But rather Remainers made the case against Brexit.
His remarks come as desperate Remainers rally round in their bid to bring down a no deal Brexit.
Prime Minister Boris Johnson is preparing for a showdown with pro-Remain MPs who are threatening to block his plans to take the UK out of the EU by October 31 with or without a deal.
MPs are reported to be planning to hijack a motion on restoring the Northern Ireland executive, due to take place on September 9, to seize control of the House of Commons agenda, according to the Financial Times.
But Mr Fox said it is “worth reminding ourselves why staying in the EU would be bad for Britain”.
9.54am update: Tom Watson tells Jeremy Corbyn he must work with Lib Dems to stop no-deal Brexit
The Labour deputy leader said leaving the EU without a deal would do "dreadful damage" to the UK during a joint event with Lib Dem leader Jo Swinson.
He said about Boris Johnson: "To stop him, everyone who cares about democracy, our country and our future must work together because there are enough of us – from all parties in Parliament – to stop him.
"First, that means working together to stop no-deal for which there is no majority in either Parliament or the country.
"We can’t allow dirty tricks that would for example see the UK crash out of Europe with no deal during an election campaign.
"Second, it means working together to make sure - whether it’s before an election or afterwards - we solve this Brexit crisis with more democracy, not less democracy, by having a final say referendum so that all the people have their voice heard.
"Whether you’re Liberal Democrats, social democrats or democratic socialists, we are all democrats. And democrats have got to realise in this crisis that we’re stronger together if we work together."
9.15am update: Merkel faces meltdown -cars tariffs & Brexit send economy toward recession
Thought of as a powerhouse in the European economy, Germany has today has recorded shrinking economy as the quarterly gross domestic product figures were published.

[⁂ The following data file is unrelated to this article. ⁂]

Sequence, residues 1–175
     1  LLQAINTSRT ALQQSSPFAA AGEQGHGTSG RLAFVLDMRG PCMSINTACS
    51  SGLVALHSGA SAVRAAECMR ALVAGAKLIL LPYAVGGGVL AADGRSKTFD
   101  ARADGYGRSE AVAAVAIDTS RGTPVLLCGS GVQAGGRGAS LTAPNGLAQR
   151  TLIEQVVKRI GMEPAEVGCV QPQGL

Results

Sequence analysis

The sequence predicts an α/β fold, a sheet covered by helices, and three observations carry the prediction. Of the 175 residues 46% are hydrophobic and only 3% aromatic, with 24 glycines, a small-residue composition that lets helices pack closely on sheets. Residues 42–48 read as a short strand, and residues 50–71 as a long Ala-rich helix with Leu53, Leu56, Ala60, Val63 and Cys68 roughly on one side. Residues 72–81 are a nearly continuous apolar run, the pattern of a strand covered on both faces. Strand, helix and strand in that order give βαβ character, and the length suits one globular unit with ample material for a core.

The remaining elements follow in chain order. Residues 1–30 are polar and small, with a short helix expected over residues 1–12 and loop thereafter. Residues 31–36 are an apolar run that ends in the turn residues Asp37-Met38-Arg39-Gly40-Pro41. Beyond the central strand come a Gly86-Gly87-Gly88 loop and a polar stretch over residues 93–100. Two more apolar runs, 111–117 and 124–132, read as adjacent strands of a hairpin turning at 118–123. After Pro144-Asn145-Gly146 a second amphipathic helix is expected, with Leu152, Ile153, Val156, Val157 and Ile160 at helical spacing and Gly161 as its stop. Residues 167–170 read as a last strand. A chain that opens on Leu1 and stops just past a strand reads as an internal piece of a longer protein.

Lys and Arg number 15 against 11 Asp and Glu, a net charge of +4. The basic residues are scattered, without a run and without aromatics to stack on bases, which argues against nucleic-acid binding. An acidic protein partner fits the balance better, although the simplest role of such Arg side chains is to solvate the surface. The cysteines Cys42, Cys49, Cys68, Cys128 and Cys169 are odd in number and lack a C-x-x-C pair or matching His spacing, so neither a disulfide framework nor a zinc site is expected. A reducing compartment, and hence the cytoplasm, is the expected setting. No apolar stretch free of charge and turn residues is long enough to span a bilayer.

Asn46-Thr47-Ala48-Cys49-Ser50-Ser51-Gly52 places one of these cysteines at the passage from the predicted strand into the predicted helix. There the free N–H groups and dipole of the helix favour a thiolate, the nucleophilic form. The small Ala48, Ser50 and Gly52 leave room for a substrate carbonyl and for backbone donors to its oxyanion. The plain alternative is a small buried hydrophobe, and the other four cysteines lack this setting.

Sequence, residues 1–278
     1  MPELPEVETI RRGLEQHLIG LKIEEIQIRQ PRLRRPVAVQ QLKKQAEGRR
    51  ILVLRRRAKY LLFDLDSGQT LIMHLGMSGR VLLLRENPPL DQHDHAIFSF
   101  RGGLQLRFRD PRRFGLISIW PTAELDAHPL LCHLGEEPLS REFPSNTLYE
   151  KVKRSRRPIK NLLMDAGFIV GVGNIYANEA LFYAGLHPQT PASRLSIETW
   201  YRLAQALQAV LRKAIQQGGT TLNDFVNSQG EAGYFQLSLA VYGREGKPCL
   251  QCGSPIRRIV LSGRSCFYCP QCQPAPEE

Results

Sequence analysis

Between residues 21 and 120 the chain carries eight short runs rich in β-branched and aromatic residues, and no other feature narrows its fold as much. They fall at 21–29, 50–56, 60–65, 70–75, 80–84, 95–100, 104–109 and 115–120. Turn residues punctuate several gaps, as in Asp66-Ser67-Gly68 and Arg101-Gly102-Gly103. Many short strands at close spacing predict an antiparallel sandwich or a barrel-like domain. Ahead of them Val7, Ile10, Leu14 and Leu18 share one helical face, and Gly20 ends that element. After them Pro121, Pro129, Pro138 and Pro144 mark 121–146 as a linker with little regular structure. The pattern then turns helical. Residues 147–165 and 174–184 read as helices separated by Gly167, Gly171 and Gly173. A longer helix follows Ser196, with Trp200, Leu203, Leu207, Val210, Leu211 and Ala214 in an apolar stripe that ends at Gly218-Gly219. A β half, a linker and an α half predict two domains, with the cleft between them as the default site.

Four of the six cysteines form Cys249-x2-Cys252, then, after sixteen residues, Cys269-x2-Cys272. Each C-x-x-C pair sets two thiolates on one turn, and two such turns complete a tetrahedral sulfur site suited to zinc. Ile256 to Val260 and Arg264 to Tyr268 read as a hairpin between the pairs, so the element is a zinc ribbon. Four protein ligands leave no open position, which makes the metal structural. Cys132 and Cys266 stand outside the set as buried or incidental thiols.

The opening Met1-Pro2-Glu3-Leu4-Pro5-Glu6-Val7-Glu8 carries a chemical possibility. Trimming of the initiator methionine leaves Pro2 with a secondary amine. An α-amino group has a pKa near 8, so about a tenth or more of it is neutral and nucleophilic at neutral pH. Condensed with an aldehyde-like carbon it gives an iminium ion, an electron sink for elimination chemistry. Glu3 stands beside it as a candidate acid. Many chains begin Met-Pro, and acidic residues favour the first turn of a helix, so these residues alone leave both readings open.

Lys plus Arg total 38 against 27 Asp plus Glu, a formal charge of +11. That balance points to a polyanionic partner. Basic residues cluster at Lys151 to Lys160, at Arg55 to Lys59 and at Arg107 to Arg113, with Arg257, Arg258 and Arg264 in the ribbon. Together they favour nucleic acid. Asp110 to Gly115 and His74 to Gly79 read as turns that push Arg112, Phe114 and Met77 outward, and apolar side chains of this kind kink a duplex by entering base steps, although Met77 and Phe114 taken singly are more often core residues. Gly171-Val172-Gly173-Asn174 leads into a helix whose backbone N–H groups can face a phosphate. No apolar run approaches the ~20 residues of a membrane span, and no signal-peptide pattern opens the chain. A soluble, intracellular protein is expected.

Overall, the data showed Germany's GDP has fallen by 0.1 percent in the second quarter of 2019. This follows gains of 0.4 percent in the first quarter, and 0.2 percent in the second across the Eurozone as a whole.
The contraction is being blamed on a combination of upheaval in Germany’s automobile industry, the UK’s indecisive exit from the European Union and the US-China trade war.
Melanie Vogelbach at the Association of German Chambers of Industry and Commerce told The Telegraph: “The challenges for the German economy are mainly based on international factors: trade conflicts, sanctions and the scenario of a no-deal Brexit.
“Trade wars are never good and for an economy that relies as much on exports as German industry, that is a very important factor.”
8.53am update: Trump plans to meet Boris Johnson first at G7
The US President is reportedly planning to meet the Prime Minister first at the G7 summit in order to “send a signal” to other European leaders about Brexit.
The pair have already had five or six phone calls, according to Trump’s national security adviser John Bolton.
Mr Bolton said they are "on course for an unprecedented partnership".
Mr Trump is said to be planning to hold a bilateral meeting with Mr Johnson before French President Emmanuel Macron.
This is to show his “signal of intent” about the importance of a post-Brexit trade deal between the two countries.
8am update: Corbyn warned he must back cancelling Brexit to stop no deal
At least 30 local Labour parties are pressuring their leader to “support revoking Article 50 if necessary to prevent no deal”.
They are planning to put forward a motion at the Labour conference in September.
The motion added the party needs “a clear Brexit policy”.
It states: “Labour will campaign energetically for a public vote and to Remain. We support revoking Article 50 if necessary to prevent no deal.”